ArchaeoCafé Podcast – Episode 2-15 – Archaeology and Missing Children: An interview with Eldon Yellowhorn

hosted by Otis Crandell

In this episode I talk with Eldon Yellowhorn about the Missing Children Project and his use of archaeology in this project. We also discuss calls to action in the Final Report of the Truth and Reconciliation Commission (Canada) which are particularly relevant to archaeology, and we discuss the various ways that history can be recorded, revealed and retold.

Listen to this episode online:



Some useful terminology and links

Indian Residential Schools system (Canada)
A network of boarding schools for Indigenous peoples. Between 1831 and 1996, residential schools operated in Canada through funding by the Canadian government’s Department of Indian Affairs and administration by Christian churches. Attendance was mandatory from 1894 to 1947. The school system was created to isolate Indigenous children from the influence of their own native culture and religion in order to assimilate them into the dominant Canadian culture. The number of school-related deaths remains unknown due to incomplete records. Estimates range from 3,200 to over 30,000.
Note: “Indian” has been used here because of the historical nature of the subject and is limited here to proper nouns and references to government legislation. The term was, and continues to be, used by government officials, Indigenous peoples and historians while referencing the school system. Its use also provides relevant context about the era in which the system was established, specifically one in which Indigenous peoples in Canada were homogeneously referred to as “Indians” rather than by language that distinguishes First Nations, Inuit and Métis peoples.

Truth and Reconciliation Commission of Canada (TRC)
A truth and reconciliation commission active in Canada from 2008 to 2015, organized by the parties of the Indian Residential Schools Settlement Agreement. The TRC provided those directly or indirectly affected by the legacy of the Indian Residential Schools system with an opportunity to share their stories and experiences.

Truth and Reconciliation Commission of Canada: Calls to Action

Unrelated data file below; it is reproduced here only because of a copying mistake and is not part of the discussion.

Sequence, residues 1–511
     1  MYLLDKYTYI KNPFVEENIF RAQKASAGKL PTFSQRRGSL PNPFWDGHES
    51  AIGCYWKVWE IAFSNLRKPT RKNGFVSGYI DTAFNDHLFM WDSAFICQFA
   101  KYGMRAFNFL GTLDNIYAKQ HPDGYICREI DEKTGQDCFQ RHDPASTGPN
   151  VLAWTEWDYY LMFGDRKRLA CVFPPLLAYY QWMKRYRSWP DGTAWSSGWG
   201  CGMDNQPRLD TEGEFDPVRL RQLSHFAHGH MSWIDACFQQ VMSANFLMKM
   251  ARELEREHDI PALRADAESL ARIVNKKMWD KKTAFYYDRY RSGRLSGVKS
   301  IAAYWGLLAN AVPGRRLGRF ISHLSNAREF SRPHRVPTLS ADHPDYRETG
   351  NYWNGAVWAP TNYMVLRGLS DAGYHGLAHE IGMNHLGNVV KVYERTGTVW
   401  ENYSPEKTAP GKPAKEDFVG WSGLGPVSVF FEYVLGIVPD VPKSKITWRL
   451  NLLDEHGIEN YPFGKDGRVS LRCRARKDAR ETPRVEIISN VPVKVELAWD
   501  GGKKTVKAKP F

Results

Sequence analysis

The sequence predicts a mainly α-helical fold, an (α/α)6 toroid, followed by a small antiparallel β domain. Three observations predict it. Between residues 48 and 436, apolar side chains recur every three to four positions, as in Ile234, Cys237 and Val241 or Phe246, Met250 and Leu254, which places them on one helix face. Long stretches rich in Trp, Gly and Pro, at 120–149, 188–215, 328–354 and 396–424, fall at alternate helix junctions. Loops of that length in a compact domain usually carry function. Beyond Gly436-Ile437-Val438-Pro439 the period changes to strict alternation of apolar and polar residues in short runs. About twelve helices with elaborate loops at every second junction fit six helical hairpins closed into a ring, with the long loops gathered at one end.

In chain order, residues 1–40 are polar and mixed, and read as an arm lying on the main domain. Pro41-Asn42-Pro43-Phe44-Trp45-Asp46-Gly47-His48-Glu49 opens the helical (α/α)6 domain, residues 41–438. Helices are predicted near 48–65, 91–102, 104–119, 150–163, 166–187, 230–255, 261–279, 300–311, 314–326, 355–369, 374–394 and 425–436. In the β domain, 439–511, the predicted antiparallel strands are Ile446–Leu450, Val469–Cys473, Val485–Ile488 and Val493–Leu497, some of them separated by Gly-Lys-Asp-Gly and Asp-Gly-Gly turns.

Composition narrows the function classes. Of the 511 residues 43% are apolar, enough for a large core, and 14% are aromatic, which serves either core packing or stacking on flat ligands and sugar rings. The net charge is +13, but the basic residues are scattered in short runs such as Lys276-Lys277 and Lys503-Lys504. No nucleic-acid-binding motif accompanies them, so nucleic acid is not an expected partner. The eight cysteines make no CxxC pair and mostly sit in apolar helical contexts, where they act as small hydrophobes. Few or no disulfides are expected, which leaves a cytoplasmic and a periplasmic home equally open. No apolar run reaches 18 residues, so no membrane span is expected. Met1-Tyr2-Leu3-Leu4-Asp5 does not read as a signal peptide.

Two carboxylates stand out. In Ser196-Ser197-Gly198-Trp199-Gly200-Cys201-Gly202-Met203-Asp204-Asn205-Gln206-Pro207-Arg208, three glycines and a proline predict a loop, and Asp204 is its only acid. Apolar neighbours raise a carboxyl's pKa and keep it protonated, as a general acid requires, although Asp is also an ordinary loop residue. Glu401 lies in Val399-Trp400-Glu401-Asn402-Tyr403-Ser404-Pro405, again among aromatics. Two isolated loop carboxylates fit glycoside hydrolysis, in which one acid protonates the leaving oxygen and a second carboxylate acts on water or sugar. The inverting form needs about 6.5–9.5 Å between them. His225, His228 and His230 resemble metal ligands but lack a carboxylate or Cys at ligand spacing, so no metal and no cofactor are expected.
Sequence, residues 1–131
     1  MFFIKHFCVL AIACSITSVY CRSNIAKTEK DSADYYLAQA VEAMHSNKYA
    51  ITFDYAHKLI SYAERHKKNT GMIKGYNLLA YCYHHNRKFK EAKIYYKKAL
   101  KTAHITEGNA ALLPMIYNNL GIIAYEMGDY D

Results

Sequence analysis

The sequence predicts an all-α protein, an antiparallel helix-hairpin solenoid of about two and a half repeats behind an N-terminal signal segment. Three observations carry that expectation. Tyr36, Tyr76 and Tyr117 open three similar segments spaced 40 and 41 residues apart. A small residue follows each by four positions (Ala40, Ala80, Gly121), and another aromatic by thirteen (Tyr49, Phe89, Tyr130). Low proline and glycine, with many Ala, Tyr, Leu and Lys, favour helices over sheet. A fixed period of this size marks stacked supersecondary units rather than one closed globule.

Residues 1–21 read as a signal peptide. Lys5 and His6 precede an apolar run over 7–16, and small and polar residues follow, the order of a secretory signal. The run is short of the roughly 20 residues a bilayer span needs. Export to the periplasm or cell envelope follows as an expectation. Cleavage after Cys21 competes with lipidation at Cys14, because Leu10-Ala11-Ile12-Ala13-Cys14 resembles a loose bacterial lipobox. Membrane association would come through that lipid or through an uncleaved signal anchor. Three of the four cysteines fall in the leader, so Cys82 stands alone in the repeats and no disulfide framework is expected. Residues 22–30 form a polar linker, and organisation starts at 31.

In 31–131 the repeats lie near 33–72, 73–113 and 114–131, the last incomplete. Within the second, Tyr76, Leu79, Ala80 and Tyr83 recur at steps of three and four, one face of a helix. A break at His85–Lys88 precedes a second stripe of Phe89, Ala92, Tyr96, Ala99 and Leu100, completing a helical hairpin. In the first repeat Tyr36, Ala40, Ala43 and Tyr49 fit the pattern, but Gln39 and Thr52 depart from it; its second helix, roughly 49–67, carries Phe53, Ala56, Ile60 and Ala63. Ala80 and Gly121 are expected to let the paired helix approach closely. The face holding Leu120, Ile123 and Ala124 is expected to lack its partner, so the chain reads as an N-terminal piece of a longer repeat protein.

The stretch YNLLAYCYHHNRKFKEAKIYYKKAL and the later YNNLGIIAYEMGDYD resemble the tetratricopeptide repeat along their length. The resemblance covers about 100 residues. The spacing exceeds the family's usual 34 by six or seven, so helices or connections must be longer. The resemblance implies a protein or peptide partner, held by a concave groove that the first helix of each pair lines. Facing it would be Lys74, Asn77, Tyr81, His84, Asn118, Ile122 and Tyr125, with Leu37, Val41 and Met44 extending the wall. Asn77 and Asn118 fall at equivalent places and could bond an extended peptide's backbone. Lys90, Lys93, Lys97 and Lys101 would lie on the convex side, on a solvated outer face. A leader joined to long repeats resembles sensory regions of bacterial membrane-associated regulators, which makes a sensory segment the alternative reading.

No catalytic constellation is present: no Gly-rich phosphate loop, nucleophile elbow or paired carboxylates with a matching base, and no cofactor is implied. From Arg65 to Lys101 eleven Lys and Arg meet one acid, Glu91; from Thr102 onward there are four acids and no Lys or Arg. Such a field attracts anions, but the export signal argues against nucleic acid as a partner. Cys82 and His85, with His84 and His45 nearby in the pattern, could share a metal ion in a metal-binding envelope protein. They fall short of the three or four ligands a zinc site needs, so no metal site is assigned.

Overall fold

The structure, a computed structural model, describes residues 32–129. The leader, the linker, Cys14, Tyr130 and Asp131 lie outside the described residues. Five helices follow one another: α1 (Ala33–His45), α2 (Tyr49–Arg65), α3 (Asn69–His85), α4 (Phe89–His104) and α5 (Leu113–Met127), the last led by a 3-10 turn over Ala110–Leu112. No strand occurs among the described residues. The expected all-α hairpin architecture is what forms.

In June 2015, the TRC released a summary report of its findings and “94 Calls to Action” to “redress the legacy of residential schools and advance the process of Canadian reconciliation.”

Missing Children Project
The Missing Children Project documents the deaths and the burial places of children who died while attending residential schools.

United Nations Declaration on the Rights of Indigenous Peoples (UNDRIP)
A legally non-binding resolution passed by the United Nations in 2007. It delineates and defines the individual and collective rights of Indigenous peoples, including their ownership rights to cultural and ceremonial expression, identity, language, employment, health, education, and other issues. The goal of the declaration is to encourage countries to work alongside indigenous peoples to solve global issues, such as development, multicultural democracy, and decentralization.

United Nations Convention on the Rights of the Child (UNCRC)
An international human rights treaty which sets out the civil, political, economic, social, health and cultural rights of children.


Selected reading and viewing

Digging up the Rez: The Piikani Historical Archaeology Project
by Eldon Yellowhorn, and graduate student researchers, Sandie Dielissen, Simon Solomon, and Kristina Hannis

Powwow: Copylefting Cultural Tradition
by Eldon Yellowhorn

What the Eagle Sees: Indigenous Stories of Rebellion and Renewal
by Eldon Yellowhorn and Kathy Lowinger
published by Annick Press in 2019. 120 pages.

Turtle Island: The Story of North America’s First People
by Eldon Yellowhorn and Kathy Lowinger
published by Annick Press in 2017. 116 pages.

Just Methods, No Madness: Historical Archaeology on the Piikani First Nation
by Eldon Yellowhorn
in the book “Ethics and Archaeological Praxis” edited by Cristóbal Gnecco and Dorothy Lippert. p. 245-256
published by Springer in 2015.

The Evolving Relationship Between Archaeologists and First Nations
by Eldon Yellowhorn
Canadian Journal of Archaeology, 2000, Vol. 24(2): p. 162-164

Brave new digs: Archaeology and Aboriginal people in British Columbia, Canada
by Eldon Yellowhorn
The Canadian Journal of Native Studies, 2012, Vol 32(1): p. 87-99


About Eldon Yellowhorn

Dr. Yellowhorn (whose Piikani name is Otahkotskina) is from the Piikani First Nation. His early career in archaeology began in southern Alberta where he studied the ancient cultures of the plains. He completed undergraduate degrees in physical geography (BS, 1983) and archaeology (BA, 1986) at the University of Calgary and later graduate degrees in archaeology at Simon Fraser University (MA, 1993) and anthropology at McGill University (PhD, 2002). He was appointed to faculty at Simon Fraser University in 2002 (where he currently teaches archaeology and First Nations studies) and established the Department of First Nations Studies in 2012. He teaches courses dedicated to chronicling the experience of Aboriginal people across Canada. He was president of the Canadian Archaeological Association from 2010 to 2012, the first Aboriginal person elected to this position. His research has examined the northern plains, and the ancient lifeways of his Piikani ancestors. His main interest is the evolution of communal hunting from the early Holocene to the nineteenth century when this custom was rendered obsolete with the extinction of the bison herds. He augmented his research of material culture with Piikani oral narratives. He is a native speaker of the Blackfoot language and is working to preserve it and ensure it has a future.




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